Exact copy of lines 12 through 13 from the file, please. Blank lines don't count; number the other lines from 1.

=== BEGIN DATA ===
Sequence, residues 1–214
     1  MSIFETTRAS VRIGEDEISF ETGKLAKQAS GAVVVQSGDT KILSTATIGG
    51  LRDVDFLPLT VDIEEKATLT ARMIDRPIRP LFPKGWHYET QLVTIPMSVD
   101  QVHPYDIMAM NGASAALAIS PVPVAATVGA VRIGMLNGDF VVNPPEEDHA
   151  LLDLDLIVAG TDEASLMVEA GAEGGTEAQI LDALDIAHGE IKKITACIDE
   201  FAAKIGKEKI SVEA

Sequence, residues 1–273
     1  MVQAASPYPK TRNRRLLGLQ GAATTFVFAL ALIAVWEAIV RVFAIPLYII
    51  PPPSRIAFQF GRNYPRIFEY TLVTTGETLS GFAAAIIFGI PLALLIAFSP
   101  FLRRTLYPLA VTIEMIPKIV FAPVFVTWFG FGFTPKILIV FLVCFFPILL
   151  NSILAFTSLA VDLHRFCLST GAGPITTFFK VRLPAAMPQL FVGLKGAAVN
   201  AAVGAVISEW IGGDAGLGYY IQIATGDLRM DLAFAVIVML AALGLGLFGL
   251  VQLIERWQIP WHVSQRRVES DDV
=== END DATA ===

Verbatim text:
   201  AAVGAVISEW IGGDAGLGYY IQIATGDLRM DLAFAVIVML AALGLGLFGL
   251  VQLIERWQIP WHVSQRRVES DDV